Telkom blamed for insincere offer

Trade unions in a wage dispute with Telkom on Monday accused it of making a revised offer in bad faith, after it emerged that the phone company had decided to renege on its revised offer due to the one-day strike.

Telkom human resources chief Charlotte Mokoena on Friday announced that the telecoms group had made a revised offer to its employees—who were due to go on strike this week—“on condition that employees do not engage in industrial action”, she said.

Thousands of workers belonging to the Communications Workers Union (CWU) and Solidarity are already staging a march from the Union Buildings to Telkom head offices in downtown Pretoria where they are expected to hand over a memorandum to company CEO Papi Molotsane demanding a 7,5% to 8,5% increment as well as a moratorium on retrenchments.

The employer on the other hand is offering a 6,25% wage hike and one- year moratorium on forceful retrenchments despite the fact that Telkom’s workforce declined by more than 3 000 to 25 500 last year, mainly due to voluntary retrenchments and natural attrition.

Furthermore, workers want human resources managers George Nkadimeng and Roy Sewmarian to resign with immediate effect because their presence has, according to the unions, prolonged the wage dispute.

Solidarity spokesperson Dirk Hermann said the group should prepare for a longer sustained campaign, and not just a one-day strike, if it

reneged on the revised offer or failed to improve it.

Telkom was not able to say if it would consider re-instating the revised offer or even improving it. Turning to retrenchments, the company said it did not have any targets.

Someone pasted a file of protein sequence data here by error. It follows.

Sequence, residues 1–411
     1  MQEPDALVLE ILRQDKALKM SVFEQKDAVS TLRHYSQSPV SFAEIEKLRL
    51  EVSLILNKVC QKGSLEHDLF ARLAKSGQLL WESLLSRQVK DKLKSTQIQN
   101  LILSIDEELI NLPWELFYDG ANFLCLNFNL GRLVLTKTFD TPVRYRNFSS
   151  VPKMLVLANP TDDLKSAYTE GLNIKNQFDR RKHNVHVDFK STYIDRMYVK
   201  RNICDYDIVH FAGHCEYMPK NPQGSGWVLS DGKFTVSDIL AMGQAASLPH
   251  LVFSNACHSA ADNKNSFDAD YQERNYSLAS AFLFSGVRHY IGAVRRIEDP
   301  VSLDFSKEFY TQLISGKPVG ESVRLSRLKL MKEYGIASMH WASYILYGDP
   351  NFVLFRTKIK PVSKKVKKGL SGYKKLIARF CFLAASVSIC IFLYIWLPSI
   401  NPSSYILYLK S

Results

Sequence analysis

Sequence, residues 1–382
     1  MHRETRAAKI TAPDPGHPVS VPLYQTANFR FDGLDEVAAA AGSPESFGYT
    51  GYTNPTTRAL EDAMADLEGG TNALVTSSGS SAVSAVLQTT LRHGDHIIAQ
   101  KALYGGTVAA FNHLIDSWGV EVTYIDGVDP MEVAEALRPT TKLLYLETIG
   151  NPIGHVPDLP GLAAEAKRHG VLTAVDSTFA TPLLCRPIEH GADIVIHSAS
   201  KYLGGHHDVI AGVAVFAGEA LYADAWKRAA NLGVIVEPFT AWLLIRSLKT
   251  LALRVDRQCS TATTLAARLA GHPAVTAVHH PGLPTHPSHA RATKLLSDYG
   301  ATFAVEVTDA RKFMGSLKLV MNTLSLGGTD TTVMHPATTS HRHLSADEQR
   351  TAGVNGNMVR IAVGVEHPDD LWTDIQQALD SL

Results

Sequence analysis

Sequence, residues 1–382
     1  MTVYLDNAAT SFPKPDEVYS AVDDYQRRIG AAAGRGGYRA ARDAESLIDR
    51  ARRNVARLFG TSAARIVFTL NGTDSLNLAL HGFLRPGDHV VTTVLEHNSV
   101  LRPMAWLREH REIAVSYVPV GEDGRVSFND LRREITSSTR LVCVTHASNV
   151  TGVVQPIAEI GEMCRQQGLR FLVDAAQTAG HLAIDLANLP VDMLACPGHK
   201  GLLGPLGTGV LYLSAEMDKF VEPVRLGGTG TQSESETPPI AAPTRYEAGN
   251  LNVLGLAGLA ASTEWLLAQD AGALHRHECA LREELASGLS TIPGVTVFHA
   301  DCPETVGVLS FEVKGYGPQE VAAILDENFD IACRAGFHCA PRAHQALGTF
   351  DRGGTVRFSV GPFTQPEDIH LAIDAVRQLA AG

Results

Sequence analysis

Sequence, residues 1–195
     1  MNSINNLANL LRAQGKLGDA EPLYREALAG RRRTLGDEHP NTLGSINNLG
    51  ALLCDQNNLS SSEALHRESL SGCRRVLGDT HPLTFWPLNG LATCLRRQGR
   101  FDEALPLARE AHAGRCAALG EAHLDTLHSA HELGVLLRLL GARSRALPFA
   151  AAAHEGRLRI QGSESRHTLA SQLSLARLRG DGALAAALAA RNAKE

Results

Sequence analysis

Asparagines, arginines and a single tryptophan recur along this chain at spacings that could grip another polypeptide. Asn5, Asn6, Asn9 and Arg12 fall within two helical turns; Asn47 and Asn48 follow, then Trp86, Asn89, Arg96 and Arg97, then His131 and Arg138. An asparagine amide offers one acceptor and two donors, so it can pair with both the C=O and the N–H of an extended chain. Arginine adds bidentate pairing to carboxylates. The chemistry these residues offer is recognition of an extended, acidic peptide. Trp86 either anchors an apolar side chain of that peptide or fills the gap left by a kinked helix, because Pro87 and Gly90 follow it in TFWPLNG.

“I hope they don’t withdraw the revised offer. If they do, that would mean that they were not sincere when they made it in the first

place, it would mean that they are negotiating in bad faith,” Hermann added.

“There was no bad faith negotiations from Telkom’s side and we remain open to negotiations,” Mokoena responded.

CWU spokesperson Mfanafuthi Sithebe accused the company of lying while Hermann said Telkom’s attitude was that workers should take the offer in its entirety or leave it—a situation that left no room for further talks.

The unions lamented the fact that the gain-sharing scheme, especially for low-paid employees, was not linked to profits that the company was making.

Mokoena’s office was not able to say how many workers had not reported for duty on Monday but noted that the strike had had minimal impact so far due to contingency plans put in place by the company.
- I-Net Bridge

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